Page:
Conclusion

There is no need for social workers to be licensed. All licensing levels for social workers below that of Clinical Social Worker should be repealed, or a sunset date within the next two years put in place.

Social workers, including clinical social workers, could be privately certified as outlined by the 21st Century Consumer Protection & Private Certification Act, available as an appendix to The Need to Review and Reform Occupational Licensing in Oklahoma, available at http://www.1889institute.org/licensing.html. It would allow professionals who form private certifying associations to enforce private credentials through criminal fraud enforcement instead of costly civil actions if a certifying organization follows several practices, including certain transparency and disclaimer requirements. The Association of Social Work Boards already offers certifications. Thus, in states that do not require all social workers be licensed, workers have the option to obtain a certification and use it in their title.[13]

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  1. Title 59, Oklahoma Statutes, Sections 1250-1273, “Board of Licensed Social Workers,” https://www.ok.gov/socialworkers/documents/Title%2059%2003%2026%202016.pdf
  2. Brenda Rufener, “The 30 Most Influential Social Workers Alive Today,” Social Work Degree Guide, website, October 2014, https://www.socialworkdegreeguide.com/30-most-influential-social-workers-alive-today/
  3. “Social Work License Requirements,” SocialWorkLicensure.org, https://socialworklicensure.org/articles/social-work-license-requirements.html
  4. Title 675, Oklahoma Administrative Code, “State Board of Licensed Social Workers,” https://www.ok.gov/socialworkers/documents/Agency%20Rules%20Revised%202017%20-%2010%2018%202017.pdf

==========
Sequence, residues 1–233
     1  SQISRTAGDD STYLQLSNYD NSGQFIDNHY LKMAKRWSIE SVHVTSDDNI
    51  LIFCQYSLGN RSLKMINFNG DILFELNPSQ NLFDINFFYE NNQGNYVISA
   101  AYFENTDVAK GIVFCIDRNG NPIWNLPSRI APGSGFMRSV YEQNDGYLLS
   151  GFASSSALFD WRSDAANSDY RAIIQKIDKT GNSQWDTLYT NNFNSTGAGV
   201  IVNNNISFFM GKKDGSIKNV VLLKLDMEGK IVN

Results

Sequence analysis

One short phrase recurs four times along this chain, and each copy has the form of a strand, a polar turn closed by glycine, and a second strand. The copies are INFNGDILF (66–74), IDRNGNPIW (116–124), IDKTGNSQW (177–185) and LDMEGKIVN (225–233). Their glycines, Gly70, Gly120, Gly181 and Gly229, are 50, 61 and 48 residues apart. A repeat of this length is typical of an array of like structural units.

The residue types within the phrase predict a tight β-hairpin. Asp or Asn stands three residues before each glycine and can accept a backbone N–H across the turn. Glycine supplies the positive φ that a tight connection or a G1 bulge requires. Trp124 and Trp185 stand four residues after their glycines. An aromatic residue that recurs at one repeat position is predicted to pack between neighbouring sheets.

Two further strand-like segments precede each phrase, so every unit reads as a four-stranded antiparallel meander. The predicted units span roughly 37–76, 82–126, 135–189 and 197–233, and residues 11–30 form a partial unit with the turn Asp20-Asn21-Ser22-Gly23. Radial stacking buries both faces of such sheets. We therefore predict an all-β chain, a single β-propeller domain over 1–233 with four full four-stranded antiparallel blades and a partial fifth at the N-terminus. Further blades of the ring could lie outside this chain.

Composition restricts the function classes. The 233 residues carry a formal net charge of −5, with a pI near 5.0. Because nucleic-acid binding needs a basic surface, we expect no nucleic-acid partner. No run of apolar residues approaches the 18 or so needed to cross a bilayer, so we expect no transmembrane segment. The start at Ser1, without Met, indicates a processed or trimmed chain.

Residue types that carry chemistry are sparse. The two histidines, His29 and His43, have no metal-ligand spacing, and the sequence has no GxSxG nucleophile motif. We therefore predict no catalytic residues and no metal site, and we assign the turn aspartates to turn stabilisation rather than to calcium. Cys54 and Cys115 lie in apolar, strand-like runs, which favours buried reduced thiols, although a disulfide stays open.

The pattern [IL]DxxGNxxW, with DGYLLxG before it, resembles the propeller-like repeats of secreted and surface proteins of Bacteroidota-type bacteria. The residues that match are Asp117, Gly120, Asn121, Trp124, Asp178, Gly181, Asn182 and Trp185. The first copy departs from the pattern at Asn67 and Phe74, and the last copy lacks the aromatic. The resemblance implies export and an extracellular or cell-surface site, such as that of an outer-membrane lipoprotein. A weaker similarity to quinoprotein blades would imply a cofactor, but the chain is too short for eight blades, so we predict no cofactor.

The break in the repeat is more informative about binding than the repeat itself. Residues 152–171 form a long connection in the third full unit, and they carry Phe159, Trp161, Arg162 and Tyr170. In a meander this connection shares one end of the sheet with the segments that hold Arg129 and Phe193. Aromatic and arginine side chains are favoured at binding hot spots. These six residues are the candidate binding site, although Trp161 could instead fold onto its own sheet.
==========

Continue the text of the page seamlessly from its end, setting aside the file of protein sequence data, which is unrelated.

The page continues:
5. “How to Become a Social Worker in California,” CareersinPsychology.org, https://careersinpsychology.org/becoming-a-social-worker-in-california-license-certification/
  6. Deona Hooper, “Licensed Social Workers Do Not Mean More Qualified,” Social Work Helper, website, February 3, 2014, https://www.socialworkhelper.com/2014/02/03/licensed-social-workers-mean-qualified/
  7. “Social Workers,” Bureau of Labor and Statistics, https://www.bls.gov/ooh/community-and-social-service/social-workers.htm
  8. Dana Hertneky, “9 Investigates: DHS Workers Blow Whistle On Child Protective Services,” News9.com, http://www.news9.com/story/36968415/9-investigates-dhs-workers-blow-whistle-on-child-protective-services
  9. “Social Work Licensing Guide,” Social Work Guide, https://www.socialworkguide.org/licensure/
  10. “Professional Liability (Individuals),” National Association of Social Workers Assurance Services, website, https://www.naswassurance.org/malpractice/professional-liability-individuals/
  11. “Hom Many Social Workers Are Self-Employed,” StudentScholarships.org, https://studentscholarships.org/careers_salary/246/self_employed/social_workers.php#sthash.dycSHxL2.dpbs
  12. “Chapter 3: Individual Proceedings,” Oklahoma State Board of Licensed Social Workers, www.ok.gov, https://www.ok.gov/socialworkers/Complaints/index.html
  13. “About the Social Work License,” HumanServicesEdu.org, https://www.humanservicesedu.org/social-work-license.html